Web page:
The Accidental Scientist: Science of Cooking

recipe: Deviled Eggs
What’s Going On?

Why don’t I just let the eggs boil?

“A ‘boiled egg’ may be part of the breakfast tradition in many households, but boiling is a miserable way to treat an egg. Because high heat toughens protein, the major constituent of eggs, boiling quickly changes an egg from a tender gel to a resilient sphere.

“You might be surprised to learn that egg white solidifies between 140 F and 149 F—far below water’s boiling point. Egg yolk coagulates between 149 F and 158 F, a temperature higher than egg whites because the yolk's protein structure is different and not as sensitive to heat. When an egg is in boiling water, the intense heat promotes extensive protein bonding, so it solidifies quickly and changes to a texture that’s best described as ‘rubbery.’ Cooked gently, eggs are firm but still tender. They not only taste better, they’re easier to digest.”

—Anne Gardiner and Sue Wilson, The Inquisitive Cook

What happens when egg white cooks?

Egg-white proteins are long molecules, made up of chains of amino acids linked together. In a raw egg, these proteins are curled and folded to form a compact ball. When you cook an egg, these proteins uncurl and form new bonds with one another. The longer you heat the proteins and the higher the temperature, the tighter the proteins will bond to each other. The tightness of these bonds determines whether the eggs are cooked just right—or overcooked. Our method for hard cooking eggs heats the eggs slowly, making for loose bonds among the proteins and tender, rather than rubbery, egg whites.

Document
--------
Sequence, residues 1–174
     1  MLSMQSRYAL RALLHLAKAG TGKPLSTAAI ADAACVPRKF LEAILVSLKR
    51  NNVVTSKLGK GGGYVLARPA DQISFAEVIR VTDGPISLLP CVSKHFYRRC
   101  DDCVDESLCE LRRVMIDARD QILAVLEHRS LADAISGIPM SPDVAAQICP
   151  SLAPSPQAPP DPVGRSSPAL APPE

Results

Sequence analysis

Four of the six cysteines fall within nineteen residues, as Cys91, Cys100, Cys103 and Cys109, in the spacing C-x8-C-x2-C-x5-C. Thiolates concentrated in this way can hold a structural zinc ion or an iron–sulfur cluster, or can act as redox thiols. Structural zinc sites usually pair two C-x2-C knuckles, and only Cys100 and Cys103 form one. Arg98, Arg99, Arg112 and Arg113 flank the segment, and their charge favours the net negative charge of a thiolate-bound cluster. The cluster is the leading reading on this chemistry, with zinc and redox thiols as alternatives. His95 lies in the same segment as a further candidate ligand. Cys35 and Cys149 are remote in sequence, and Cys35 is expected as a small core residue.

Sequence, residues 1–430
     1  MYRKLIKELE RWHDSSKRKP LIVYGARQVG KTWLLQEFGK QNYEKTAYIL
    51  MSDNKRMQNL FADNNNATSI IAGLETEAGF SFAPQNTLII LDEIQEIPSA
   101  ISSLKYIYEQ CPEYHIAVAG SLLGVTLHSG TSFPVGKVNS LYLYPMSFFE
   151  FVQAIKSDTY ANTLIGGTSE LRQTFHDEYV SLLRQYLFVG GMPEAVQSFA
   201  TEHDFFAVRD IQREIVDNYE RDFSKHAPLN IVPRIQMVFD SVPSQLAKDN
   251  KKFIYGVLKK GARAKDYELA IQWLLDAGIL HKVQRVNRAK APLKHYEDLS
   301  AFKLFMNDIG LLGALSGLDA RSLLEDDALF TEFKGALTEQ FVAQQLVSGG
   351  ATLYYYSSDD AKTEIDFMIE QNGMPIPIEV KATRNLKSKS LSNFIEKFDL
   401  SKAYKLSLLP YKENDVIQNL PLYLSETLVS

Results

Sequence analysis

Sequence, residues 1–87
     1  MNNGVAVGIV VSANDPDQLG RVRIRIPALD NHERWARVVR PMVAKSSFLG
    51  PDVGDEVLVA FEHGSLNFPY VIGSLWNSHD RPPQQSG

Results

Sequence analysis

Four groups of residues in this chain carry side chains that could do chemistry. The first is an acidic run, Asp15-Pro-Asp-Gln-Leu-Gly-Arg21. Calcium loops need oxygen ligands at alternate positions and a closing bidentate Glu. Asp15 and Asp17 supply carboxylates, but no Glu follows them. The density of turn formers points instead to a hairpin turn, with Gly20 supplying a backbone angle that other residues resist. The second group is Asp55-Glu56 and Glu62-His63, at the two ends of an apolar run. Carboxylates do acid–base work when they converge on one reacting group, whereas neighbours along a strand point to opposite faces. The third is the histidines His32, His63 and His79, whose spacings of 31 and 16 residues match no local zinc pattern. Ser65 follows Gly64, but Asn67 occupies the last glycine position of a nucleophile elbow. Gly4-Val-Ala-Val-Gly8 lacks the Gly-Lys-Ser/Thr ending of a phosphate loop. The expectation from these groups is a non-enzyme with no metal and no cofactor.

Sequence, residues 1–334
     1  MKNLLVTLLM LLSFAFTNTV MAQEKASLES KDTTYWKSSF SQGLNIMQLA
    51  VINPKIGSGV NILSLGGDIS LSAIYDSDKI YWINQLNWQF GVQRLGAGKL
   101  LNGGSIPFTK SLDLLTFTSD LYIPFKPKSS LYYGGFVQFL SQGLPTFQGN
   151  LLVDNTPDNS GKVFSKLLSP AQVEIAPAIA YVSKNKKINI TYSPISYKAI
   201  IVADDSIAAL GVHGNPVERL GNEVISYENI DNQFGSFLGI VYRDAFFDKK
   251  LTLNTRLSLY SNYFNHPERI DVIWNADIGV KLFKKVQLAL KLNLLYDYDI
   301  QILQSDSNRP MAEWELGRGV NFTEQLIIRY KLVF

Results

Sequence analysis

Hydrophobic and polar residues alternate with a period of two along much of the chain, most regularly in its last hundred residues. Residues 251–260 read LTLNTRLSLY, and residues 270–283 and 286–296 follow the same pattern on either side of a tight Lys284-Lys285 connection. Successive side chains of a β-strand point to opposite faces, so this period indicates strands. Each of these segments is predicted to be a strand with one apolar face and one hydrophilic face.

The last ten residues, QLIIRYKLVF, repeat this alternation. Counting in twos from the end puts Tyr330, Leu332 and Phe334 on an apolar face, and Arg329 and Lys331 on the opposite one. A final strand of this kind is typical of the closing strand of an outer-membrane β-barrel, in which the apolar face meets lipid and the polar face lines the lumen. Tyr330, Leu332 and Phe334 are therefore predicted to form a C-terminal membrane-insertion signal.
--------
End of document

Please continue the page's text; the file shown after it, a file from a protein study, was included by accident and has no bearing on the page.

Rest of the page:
How can I stop the yolk from turning green?

Plunging hard-cooked eggs into cold water helps keep the yolk from turning green. The green-gray color (and the whiff of sulfur smell that often accompanies it) comes from the reaction of iron in the egg yolk and sulfur in the egg white. When heated, the two can combine to make green-gray ferrous sulfide and hydrogen sulfide gas. To avoid getting a green yolk, cook your eggs just long enough to reach the desired doneness—no more. And quickly plunge the cooked eggs into cold water to stop the cooking process and minimize the iron-sulfur reaction.

Some people make a pinhole in an egg before they cook it. Why?

You may want to use a pin to poke a small hole in the large end of the egg before you boil it. The hole lets air escape from the air pocket at the large end of the egg, giving you a hard-cooked egg that is rounded, rather than flat, on the large end. Some say that water leaking in through this hole makes eggs easier to peel, but we haven’t noticed any difference in “peelability.”

Why are eggs sometimes hard to peel?

When an egg is very fresh, the cooked egg white may stick to the membranes inside the shell, making the egg difficult to peel. As an egg ages, the white becomes more alkaline and loosens its grip on the membrane. For the most peelable eggs, buy eggs a week to ten days before you hard cook them.

To make any egg easier to peel, crack the shell all over by rolling the egg between your hands. This breaks the shell into tiny pieces. It’s easier to get each tiny piece free of the white than to try to pull off a big chunk.

 

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